“We had all these CDS but they were stolen on the train,” guitarist Julian Abrahams joked, “it was bad luck for the thieves, all they got in the case were bluegrass CDS.”

It wasn't clear if descendants of residents of the old Geelong gaol were among suspects for the great bluegrass robbery.

Maybe they headed east and became urban carjackers and home invaders.

Jocularity came easy for Keeling and Abrahams, writer of another original Leave This Life Behind, whose musical union began in a hip-hop band while studying Jazz in Canberra.

The audience was reminded it was competing aurally with nearby Deni Utes before the quartet revived Standing By Your Side from second album Powerlines.

These hot pickers urged their audience to stay warm as they finished with an instrumental featuring bassist Josh Bridges and historic 1924 Appalachian song Cumberland Gap that has been recorded by artists diverse as the late Woody Guthrie, Flatt & Scruggs, P.J. Proby and very much alive Old Crow Medicine Show and Felice Brothers .

“If you want to see us after the show we'll picking loose change out of the MCG gutters,” Abrahams joked.

Instead the quartet vacated the stage to allow local country artist Michelle Gardiner and her guitarist Steve O'Hern to perform a short acoustic set.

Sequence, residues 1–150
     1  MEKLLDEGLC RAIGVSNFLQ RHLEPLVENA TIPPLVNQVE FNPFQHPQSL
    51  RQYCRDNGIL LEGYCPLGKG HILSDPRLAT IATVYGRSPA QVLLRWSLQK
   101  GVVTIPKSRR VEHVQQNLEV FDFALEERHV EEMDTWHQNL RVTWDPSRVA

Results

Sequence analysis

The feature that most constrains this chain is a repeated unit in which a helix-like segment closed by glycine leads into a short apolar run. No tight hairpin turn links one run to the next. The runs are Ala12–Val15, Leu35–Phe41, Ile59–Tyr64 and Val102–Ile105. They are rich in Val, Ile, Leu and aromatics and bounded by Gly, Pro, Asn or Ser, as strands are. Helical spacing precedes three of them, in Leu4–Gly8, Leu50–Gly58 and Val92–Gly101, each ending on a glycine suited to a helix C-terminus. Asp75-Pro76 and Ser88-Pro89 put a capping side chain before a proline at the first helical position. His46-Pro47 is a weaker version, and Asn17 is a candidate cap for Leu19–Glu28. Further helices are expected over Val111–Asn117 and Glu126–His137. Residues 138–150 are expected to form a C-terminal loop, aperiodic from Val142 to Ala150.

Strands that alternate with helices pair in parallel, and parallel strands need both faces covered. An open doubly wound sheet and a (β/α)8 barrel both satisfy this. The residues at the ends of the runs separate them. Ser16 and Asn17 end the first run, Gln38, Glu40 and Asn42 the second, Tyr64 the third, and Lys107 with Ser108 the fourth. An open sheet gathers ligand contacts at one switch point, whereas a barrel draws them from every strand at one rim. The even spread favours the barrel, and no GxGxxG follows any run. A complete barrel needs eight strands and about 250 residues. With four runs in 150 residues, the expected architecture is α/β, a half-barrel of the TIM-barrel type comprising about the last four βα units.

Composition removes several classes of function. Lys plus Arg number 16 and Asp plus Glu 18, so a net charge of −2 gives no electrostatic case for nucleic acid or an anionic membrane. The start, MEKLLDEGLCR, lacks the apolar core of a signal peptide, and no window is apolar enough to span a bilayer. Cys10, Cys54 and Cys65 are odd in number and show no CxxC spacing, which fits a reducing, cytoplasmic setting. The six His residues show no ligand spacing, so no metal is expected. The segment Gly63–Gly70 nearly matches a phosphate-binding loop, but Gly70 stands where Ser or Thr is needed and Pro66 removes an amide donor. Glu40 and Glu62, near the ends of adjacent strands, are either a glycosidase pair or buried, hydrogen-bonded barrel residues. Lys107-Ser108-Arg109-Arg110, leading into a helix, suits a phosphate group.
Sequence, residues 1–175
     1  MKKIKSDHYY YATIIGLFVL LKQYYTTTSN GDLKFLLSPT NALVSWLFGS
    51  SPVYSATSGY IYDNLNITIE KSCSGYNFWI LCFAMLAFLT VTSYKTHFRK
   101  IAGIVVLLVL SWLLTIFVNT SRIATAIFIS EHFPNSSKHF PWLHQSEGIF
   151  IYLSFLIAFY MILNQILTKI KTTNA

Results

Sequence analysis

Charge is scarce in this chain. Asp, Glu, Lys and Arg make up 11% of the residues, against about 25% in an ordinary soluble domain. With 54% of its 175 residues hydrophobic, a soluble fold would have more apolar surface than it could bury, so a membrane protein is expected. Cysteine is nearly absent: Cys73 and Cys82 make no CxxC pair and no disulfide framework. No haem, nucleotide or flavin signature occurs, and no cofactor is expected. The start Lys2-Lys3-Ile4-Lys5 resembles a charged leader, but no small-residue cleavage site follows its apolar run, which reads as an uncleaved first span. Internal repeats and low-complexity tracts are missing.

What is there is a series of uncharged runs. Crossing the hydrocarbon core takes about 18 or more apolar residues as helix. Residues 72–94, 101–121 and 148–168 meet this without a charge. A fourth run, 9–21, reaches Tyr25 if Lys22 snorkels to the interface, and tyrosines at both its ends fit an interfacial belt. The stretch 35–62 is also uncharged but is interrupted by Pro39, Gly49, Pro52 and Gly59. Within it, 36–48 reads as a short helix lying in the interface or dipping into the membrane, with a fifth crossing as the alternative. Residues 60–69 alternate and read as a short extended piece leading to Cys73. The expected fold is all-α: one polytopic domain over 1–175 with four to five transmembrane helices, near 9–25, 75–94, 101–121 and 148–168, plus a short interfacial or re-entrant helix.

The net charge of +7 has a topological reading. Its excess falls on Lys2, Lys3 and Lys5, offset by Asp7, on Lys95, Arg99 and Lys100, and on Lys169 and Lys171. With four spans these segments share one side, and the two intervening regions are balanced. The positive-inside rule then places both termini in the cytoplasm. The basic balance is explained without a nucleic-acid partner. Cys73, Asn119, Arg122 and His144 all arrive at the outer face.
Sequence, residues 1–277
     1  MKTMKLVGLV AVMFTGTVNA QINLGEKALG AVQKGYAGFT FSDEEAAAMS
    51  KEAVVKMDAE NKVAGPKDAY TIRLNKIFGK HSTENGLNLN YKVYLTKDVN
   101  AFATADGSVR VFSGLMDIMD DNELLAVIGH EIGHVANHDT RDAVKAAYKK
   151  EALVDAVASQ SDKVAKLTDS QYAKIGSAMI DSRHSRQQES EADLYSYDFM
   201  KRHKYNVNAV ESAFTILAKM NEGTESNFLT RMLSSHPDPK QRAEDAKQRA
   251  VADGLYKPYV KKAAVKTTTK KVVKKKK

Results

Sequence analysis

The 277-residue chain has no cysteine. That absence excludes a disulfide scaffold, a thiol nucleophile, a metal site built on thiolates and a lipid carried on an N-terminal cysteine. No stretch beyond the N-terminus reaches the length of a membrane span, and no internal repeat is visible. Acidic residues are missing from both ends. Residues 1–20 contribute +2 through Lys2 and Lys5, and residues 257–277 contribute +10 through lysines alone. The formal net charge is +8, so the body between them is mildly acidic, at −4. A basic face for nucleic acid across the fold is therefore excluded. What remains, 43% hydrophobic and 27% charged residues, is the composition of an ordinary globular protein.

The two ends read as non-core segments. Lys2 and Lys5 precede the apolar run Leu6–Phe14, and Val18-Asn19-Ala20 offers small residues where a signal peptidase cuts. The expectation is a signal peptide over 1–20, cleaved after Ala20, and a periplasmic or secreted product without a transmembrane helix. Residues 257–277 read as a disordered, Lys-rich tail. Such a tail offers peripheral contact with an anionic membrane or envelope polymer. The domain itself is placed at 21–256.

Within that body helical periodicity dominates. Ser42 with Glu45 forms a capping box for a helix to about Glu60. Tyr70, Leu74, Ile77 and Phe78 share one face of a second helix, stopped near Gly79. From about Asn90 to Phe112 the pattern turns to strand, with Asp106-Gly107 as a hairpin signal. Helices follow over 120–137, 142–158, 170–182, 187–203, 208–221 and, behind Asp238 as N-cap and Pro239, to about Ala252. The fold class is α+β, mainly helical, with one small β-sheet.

Gardiner included covers of Everly Brothers penned 1960 hit When Will I Be Loved - also a chart topper for Linda Ronstadt in 1975 - Dolly Parton's Jolene and Garth Brooks The River.

The mother of two young daughters explained her choice of Brooks' song The River - “the song is about dreams and following them. One of my dreams is being up here singing outside the MCG.”

She also performed a countrified version of Lady Gaga song You And I before reviving Need You Now by Lady Antebellum whom she saw supporting expat Australasian superstar Keith Urban across the Yarra at Rod Laver Arena in April 2011.

“Enough of the slow emotional songs,” was her intro to Rascal Flatts tune Life of The Highway , “you may have heard that in The Cars movie.”

Gardiner finished on a high with You Don't Treat Me No Good No More.

I'm not sure if this was the 1992 Sonia Dada version or the Jerrod Niemann 2010 country hit released as Lover, Lover that featured Jamey Johnson and Randy Houser in the video on Nu Country TV .


Sara Storer was well credentialed to be one of the headliners - the winner of 18 Golden Guitars was born on a wheat farm at Wemen near the mighty Murray River in the Mallee.

Wemen, 40 kilometres from Robinvale where members of fellow country band T-Bones spent their youth, hasn't had a post office since 1974.

It also hasn't had the Storer family who left town a few decades later and now operate a larger family farming operation at Warren in western NSW.

So it was appropriate that Sara, now 43 and mother of four, opened her short acoustic set with Come on Rain and her tractor song Beautiful Circle - also title track of her second album.

Storer was accompanied on stage by Terry Dean on lap steel and guitarist Garry Carruthers who performed live as a duo long after Dean played in pioneer Melbourne country rock band Bluestone from 1972.